Survivors of Human Trafficking

Last year, 289 trafficking cases from Ohio were reported to national hotlines – a tiny fraction of the actual trafficked population. A study by the Ohio Attorney General finds that over 1,000 children are victims of sex trafficking every year statewide; plus, many more victims are adults. Traffickers force people to commit crimes like drug use, theft, and prostitution. When survivors escape, their long criminal records create lifelong barriers to employment, housing, education, civic participation, and family reunification. In Ohio, over 900 ‘collateral consequences’ limit all aspects of life, from jobs to recreation, for people with records (civiccohio.org).
Survivors of human trafficking need to become fully-reintegrated, empowered members of the community. OJPC helps survivors to overcome criminal-records-based barriers through: record sealing, Certificates of Qualification for Employment, Safe Harbor expungements, pardons, and more.

RELATED: Cyntoia Brown isn’t an isolated case of injustice

RELATED: The Power of Blame

Help with your criminal record

Do you or someone you know have prostitution-related offenses on your criminal record? OJPC can help. Contact attorney Sasha Naiman (snaiman@ohiojpc.org or 513-421-1108 x 20) for assistance. You can learn more about the OJPC’s new initiative to address the unique needs of trafficking survivors below.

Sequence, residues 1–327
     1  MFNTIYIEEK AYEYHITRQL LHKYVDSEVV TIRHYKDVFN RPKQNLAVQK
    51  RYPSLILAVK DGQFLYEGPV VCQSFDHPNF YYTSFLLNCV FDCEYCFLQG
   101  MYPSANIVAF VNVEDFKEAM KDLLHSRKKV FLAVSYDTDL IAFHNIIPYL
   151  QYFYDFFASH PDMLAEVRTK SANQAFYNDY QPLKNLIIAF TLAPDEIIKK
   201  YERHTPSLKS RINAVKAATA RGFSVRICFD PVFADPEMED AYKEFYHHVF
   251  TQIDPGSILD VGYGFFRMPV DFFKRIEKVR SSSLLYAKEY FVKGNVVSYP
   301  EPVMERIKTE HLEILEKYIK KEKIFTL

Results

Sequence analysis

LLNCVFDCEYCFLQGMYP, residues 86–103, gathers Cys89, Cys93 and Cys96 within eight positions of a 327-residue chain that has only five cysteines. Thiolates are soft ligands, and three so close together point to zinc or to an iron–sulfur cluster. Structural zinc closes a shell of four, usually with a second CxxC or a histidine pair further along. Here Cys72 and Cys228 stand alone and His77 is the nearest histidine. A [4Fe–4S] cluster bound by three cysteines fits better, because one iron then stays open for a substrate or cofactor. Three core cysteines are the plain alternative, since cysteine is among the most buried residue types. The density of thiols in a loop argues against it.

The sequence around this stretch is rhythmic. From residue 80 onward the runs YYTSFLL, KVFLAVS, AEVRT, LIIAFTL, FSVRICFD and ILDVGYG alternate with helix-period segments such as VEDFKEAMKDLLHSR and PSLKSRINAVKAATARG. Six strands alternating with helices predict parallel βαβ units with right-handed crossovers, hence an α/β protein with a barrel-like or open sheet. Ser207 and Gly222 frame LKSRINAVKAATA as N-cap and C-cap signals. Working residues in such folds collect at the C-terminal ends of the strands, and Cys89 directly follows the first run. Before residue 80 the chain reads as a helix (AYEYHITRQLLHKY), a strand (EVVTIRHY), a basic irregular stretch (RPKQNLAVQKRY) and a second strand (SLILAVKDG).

RELATED: How do I know if expungement will apply for me?

RELATED: Caroline’s Story

Legislation to help survivors

In June 2012, the Ohio Legislature created a new expungement process under the Safe Harbor Law (H.B. 262; R.C. 2953.38). The law recognizes that sex trafficking victims are compelled through force, fear, duress, intimidation, or fraud to participate in illegal acts. Consequently, survivors can erase records of convictions.
Then, in 2018, the Ohio Legislature clarified the options for trafficking survivors to expunge and seal their records. Senate Bill 4 passed through the House and Senate with strong support on both sides of the aisle.
“This is not a partisan issue,” Rep. Teresa Fedor, of Toledo, said. “It’s a comprehensive combatting of something so evil in our society. This can’t stop at the ‘R’ and ‘D.’”
Expunged records are completely destroyed, so no one can ever see them ever again. Expungement opens doors to empowerment, recovery, employment, housing, education, family relationships, and successful reintegration into the community.